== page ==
Southern Religion, Southern Culture
Essays Honoring Charles Reagan Wilson
From the steeple to the stable to the goal posts and dinner table, a homily on southern religiosity
Contributions by Ryan L. Fletcher, Darren E. Grem, Paul Harvey, Alicia Jackson, Ted Ownby, Otis W. Pickett, Arthur Remillard, Chad Seales, and Randall J. Stephens
Over more than three decades of teaching at the University of Mississippi, Charles Reagan Wilson’s research and writing transformed southern studies in key ways.
This volume pays tribute to and extends Wilson’s seminal work on southern religion and culture. Using certain episodes and moments in southern religious history, the essays examine the place and power of religion in southern communities and society. It emulates Wilson’s model, featuring both majority and minority voices from archives and applying a variety of methods to explain the South’s religious diversity and how religion mattered in many arenas of private and public life, often with life-or-death stakes.
The volume first concentrates on churches and ministers, and then considers religious and cultural constructions outside formal religious bodies and institutions. It examines the faiths expressed via the region’s fields, streets, homes, public squares, recreational venues, roadsides, and stages. In doing so, this book shows that Wilson’s groundbreaking work on religion is an essential part of southern studies and crucial for fostering deeper understanding of the South’s complicated history and culture.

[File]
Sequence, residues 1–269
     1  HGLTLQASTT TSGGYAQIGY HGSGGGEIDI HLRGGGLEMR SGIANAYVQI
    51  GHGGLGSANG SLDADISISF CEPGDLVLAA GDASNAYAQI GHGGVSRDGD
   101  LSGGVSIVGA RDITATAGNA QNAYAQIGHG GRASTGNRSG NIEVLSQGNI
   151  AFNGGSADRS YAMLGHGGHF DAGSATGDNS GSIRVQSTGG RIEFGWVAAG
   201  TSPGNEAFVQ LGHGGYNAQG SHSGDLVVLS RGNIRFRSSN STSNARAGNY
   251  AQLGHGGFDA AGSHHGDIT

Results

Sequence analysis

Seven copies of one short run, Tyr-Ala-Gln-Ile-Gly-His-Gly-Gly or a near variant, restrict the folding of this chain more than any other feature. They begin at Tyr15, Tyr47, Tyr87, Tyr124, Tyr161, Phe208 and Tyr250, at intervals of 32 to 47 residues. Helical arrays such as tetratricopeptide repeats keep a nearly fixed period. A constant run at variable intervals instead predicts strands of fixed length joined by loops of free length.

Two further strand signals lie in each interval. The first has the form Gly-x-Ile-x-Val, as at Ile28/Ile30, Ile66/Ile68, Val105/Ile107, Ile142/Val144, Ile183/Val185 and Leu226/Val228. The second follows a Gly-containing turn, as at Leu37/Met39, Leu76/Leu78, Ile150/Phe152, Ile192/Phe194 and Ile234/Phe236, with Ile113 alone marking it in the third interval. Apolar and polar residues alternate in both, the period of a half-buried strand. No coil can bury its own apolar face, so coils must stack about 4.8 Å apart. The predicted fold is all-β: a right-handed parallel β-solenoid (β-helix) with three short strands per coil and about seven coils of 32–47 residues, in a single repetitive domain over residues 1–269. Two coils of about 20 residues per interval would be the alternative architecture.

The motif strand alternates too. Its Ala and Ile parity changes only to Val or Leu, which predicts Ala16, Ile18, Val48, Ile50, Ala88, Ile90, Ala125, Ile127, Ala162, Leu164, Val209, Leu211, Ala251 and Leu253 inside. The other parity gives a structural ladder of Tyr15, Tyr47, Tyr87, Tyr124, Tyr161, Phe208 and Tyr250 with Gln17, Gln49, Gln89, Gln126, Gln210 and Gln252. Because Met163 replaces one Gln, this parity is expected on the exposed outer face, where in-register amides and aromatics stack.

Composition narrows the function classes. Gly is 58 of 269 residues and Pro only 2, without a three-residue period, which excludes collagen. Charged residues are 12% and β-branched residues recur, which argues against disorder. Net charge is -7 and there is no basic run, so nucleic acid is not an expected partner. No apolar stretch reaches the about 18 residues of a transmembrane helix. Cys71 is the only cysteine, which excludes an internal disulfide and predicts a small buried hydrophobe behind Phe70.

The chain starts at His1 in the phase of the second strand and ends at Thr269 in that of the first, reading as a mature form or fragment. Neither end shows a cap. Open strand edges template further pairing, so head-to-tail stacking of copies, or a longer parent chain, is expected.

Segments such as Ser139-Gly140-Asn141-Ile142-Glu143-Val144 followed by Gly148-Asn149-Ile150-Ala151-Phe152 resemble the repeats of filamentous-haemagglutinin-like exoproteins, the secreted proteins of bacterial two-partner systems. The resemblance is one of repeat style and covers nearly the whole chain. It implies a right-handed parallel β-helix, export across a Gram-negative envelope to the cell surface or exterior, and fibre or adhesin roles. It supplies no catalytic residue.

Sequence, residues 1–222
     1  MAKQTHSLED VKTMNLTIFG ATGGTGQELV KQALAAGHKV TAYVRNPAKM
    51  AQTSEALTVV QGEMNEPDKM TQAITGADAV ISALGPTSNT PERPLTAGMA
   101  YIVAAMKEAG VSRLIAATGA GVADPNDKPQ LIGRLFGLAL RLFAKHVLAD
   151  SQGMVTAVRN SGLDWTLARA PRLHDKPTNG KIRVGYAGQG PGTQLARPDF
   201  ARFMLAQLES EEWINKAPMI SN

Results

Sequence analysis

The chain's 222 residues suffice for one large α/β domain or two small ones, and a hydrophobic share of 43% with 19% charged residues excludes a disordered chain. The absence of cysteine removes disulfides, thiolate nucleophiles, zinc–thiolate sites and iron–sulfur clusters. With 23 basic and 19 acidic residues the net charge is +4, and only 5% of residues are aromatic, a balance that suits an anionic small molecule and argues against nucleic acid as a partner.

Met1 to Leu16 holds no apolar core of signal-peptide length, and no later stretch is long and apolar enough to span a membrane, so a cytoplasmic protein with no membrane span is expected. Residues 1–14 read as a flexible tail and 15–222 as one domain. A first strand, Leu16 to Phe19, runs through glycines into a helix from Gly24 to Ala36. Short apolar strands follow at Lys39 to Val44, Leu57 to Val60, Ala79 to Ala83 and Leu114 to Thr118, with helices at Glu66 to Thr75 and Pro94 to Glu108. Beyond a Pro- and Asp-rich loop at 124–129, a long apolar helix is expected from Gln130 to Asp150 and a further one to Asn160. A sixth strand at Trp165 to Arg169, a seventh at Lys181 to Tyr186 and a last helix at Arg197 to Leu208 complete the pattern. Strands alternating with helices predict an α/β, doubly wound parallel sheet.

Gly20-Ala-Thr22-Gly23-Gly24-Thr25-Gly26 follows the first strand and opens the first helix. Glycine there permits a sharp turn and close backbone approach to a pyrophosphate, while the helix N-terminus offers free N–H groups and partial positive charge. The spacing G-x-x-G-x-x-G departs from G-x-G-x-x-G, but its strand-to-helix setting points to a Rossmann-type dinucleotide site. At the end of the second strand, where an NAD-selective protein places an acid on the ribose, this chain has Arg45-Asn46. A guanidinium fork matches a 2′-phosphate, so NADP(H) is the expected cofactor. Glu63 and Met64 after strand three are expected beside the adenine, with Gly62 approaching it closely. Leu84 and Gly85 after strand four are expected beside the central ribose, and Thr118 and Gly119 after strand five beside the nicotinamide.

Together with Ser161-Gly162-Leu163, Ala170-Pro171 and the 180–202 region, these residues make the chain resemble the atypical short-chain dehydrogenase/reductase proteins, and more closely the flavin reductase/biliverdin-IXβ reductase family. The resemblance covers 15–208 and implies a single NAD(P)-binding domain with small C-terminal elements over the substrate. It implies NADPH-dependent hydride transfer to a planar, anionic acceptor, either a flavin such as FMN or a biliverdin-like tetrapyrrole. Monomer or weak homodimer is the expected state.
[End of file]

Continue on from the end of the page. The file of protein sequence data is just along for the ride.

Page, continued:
From Elvis’s shroud to toppled goalposts paraded through Oxford like religious relics on parade, with stops along the way to reexamine a diverse array of topics including the complicated racial legacy of John Lafayette Girardeau, the Colored Methodist Episcopal Church and higher education in Mississippi, and Pentecostal innovations in using media to reach and preach to the masses, this is a wonderful set of magnetically eclectic essays to celebrate the career and inspiration of Charles Reagan Wilson.- Charles A. Israel, author of Before Scopes: Evangelicalism, Education, and Evolution in Tennessee and associate dean of the Auburn University College of Liberal Arts
The authors of this elegant volume have pulled off a near-miracle: create a portrait of religion in the American South that captures the theoretical rigor and experimentation of one of its greatest historians, Charles Reagan Wilson. Like Wilson, the contributors challenge the boundaries traditionally circumscribing fields of inquiry and objects of study and instead search for the divine in the mundane, the unusual, and the wondrous. They find it in southerners’ relationships to football, Civil War reenactors and Civil War relics, the media, and education. Patiently listening to how different types of southerners—white and black and brown, denominational and charismatic—experience faith in their daily lives, they capture forgotten voices of spiritual experience that drift across the landscape. In their analytical innovation and sophistication, the authors offer a fitting tribute to one of the field’s most significant practitioners.- John M. Giggie, author of After Redemption: Jim Crow and the Transformation of African American Religion in the Delta, 1875–1915 and director of the Summersell Center for the Study of the South at the University of Alabama